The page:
One of the most common questions I receive about plein air painting is, “How do you decide what to paint when there is so much to choose from?” My answer? Using a viewfinder can help enormously! The landscape can be so overwhelming and using a viewfinder will help you isolate the part that appeals to you the most.
I recently made a video about using a viewfinder. Have a look at it below.
When using a viewfinder, you will need to close one eye otherwise you’ll see crazy double vision! If you can’t close one eye, then squinting will help but it’s definitely not as useful or satisfying as the one-eyed look.
Using a viewfinder to help you design your thumbnails
The viewfinder I show in the video is one called ViewCatcher. It’s the one I use myself. You can try out all sorts of formats with this viewfinder – just remember to use the same proportions on your paper. For example if you decide on a square opening, make sure your paper is square. If the format of your paper is pretty much decided, for example you have a piece of 9 x 12 in Wallis paper mounted on foamcore, then create a 9 x 12 in window in your viewfinder. The ability to change from one format to another is one of the main reasons I like ViewCatcher!
Create your own viewfinder
You can of course create your own viewfinder by cutting out a rectangular hole in cardboard. If you regularly work on a 9 x 12 in paper which is a 3:4 ratio, then go ahead and cut out a hole measuring 3 x 4 in or if smaller, then 1.5 x 2 in – anything that retains that 3:4 ratio. If you always work square, then cut out a square opening.
Make sure you leave enough cardboard around the hole (like that shown below) to block out the rest of the view. That way you can concentrate on what’s happening in the opening as you move it slowly over your subject. A large surround also helps the viewfinder retain its shape while traveling in your art bag.
Having said all that, I think that the ability to switch easily between formats in the Viewcatcher makes it worth the money. Also, it won’t get bent in your art bag like a piece of cardboard might.
Using a viewfinder to crop a landscape
Let’s have a look at what I mean by using a viewfinder to help you compose your painting. I’ll take an uncropped photo and then crop it in various ways to show you what can happen.
First let’s try out two square crops:
Next let’s look at the same areas but in a vertical rectangular crop:
Now let’s try horizontal crops:
Although I’m cropping a photo, I’m sure you can imagine how this would work on location. Which crop of those above is your favourite? What other ways would you crop the original?
Remember that using a viewfinder will help you not only with choosing what to paint in a landscape. It can help with any subject be it figure, still life, portrait, urban view. Anything!!
Using a viewfinder to help with your drawing
Not only does a viewfinder help you compose your painting, it also helps with the creation of your drawing. Find where lines intersect the edges of the viewfinder and note their position related to the whole ie. a third from the bottom, a quarter from the top. You can also relate the angle a line makes as it moves across the space to the vertical and horizontal lines of the viewfinder itself, for example the line and angle of the rose’s stem.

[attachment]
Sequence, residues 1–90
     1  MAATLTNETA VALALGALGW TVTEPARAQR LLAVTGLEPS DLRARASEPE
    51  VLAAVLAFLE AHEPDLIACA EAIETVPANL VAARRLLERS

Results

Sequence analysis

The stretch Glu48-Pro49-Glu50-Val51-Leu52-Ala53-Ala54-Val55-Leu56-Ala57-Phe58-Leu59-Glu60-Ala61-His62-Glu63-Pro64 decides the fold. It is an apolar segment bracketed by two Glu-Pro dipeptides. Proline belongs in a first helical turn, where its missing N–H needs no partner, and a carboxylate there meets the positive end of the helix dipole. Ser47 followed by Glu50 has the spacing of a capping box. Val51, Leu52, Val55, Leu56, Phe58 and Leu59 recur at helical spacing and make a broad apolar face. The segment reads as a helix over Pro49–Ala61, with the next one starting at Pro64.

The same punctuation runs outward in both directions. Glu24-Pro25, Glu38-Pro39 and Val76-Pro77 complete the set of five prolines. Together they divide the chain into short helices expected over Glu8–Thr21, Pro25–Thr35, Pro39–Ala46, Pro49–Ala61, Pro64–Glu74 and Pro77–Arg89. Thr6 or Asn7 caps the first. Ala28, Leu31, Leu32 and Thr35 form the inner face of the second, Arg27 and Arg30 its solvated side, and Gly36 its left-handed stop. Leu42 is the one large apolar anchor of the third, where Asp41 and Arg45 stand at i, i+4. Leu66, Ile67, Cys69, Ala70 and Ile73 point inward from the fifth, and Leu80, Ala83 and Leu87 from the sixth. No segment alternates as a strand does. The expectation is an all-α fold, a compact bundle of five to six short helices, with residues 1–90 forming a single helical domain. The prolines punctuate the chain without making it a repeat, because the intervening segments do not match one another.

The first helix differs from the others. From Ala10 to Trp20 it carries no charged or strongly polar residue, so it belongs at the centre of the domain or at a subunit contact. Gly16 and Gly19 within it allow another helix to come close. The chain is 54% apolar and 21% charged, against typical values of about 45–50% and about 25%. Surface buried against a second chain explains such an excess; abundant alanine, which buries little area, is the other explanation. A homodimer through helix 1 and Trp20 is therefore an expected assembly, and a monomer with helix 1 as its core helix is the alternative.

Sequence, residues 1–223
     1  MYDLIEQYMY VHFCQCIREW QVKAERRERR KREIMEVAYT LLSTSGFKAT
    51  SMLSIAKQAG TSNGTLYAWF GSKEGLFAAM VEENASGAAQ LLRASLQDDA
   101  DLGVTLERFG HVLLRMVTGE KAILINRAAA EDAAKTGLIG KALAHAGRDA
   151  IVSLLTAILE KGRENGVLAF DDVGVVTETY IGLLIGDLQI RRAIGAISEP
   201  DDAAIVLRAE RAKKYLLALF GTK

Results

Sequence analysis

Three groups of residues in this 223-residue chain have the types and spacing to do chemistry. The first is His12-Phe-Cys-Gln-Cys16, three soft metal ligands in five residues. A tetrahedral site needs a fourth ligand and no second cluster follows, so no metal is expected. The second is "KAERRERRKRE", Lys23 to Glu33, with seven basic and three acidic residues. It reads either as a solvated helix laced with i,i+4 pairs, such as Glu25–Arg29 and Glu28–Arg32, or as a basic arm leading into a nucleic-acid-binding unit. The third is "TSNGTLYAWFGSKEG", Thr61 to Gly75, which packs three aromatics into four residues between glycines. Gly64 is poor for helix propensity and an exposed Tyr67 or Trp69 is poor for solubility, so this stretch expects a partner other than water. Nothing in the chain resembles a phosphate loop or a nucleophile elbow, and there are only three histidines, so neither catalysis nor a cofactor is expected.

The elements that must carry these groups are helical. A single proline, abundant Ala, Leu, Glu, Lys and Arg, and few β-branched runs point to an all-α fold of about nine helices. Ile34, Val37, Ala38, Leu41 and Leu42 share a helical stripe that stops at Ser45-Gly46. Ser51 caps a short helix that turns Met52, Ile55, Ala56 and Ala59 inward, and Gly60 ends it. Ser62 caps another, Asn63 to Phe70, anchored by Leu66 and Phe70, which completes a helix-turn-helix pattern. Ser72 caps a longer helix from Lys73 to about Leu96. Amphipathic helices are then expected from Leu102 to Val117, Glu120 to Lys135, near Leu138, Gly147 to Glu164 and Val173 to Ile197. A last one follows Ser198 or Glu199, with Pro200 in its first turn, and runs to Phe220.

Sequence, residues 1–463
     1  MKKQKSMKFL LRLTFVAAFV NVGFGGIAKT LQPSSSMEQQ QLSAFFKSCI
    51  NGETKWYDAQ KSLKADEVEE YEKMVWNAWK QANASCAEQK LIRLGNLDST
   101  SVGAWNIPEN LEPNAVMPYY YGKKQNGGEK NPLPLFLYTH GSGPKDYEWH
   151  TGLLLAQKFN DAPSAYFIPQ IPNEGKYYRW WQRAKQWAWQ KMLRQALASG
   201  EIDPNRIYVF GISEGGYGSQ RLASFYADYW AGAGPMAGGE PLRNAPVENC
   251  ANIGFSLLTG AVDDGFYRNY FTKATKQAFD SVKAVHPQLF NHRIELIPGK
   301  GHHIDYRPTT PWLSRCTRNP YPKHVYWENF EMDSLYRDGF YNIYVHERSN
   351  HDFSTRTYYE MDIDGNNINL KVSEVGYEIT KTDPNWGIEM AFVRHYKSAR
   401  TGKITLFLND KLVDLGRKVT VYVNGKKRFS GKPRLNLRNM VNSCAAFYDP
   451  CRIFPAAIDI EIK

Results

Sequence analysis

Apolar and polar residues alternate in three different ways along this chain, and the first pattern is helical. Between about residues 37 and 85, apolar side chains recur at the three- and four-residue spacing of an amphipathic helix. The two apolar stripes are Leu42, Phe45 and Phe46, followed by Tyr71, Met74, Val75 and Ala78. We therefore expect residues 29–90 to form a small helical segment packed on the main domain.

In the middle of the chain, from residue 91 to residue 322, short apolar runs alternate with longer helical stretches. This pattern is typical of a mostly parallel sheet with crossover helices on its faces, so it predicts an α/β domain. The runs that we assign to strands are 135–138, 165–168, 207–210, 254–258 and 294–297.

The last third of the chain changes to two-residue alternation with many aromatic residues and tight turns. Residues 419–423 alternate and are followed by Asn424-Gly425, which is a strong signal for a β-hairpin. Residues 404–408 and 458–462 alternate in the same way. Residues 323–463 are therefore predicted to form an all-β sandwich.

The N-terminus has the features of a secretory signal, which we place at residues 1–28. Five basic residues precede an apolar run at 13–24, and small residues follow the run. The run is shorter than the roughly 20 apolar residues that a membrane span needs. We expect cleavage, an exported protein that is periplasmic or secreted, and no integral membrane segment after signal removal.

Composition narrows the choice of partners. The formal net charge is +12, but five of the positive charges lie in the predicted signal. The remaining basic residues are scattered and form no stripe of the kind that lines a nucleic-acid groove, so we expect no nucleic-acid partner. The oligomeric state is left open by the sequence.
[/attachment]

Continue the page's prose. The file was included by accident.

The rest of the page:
Here’s the image of the rose with the marks I mention in the video.
Using a viewfinder to help with values
The other thing the ViewCatcher has going for it that I didn’t mention in the video are the two small holes. The colour of the ViewCatcher is 50% grey on the value scale of 1-10. This makes it ever so easy to check the value of a colour against the grey. Look at a spot through one of the holes – is what you are looking at darker or lighter than the grey of the ViewCatcher?
You can then move the ViewCatcher hole over your painting and check how the value there relates to the value of the viewfinder itself. You can also check how accurately you have captured the value of the colour you saw ‘out there’.
Check the image below – look at the top hole and see how light the background is especially when you compare it with the other hole that shows the colour of my hair.
Using a viewfinder to help with colour
These small holes in ViewCatcher can also help you determine the saturation of a colour – how much colour do you see compared to the grey of the viewfinder – is it greyer or more saturated with colour than you think? And what about temperature? Is it warmer or cooler than you think? Run the viewfinder over different areas to compare them one to the other. This is hugely helpful when you are unsure of colour saturation or temperature.
Viewfinder as gift
The other thing is, a viewfinder is a wonderful gift to give to non-artists as it will help them ‘see’ the world in a way they don’t now. I love hearing the ahhs and oohs as they move a viewfinder over whatever is in front of them.
This blog has turned out to be a review of the ViewCatcher as I like it so much!! You can pick one up in many art stores or order it from Amazon here:
Viewcatcher from Amazon.com
I’d love to hear if you use a viewfinder. How helpful is one to your work? Do you use a handmade viewfinder or something like the ViewCatcher? Do you use one all the time or rarely? Let me know by posting a comment on the blog.
I look forward to hearing from you!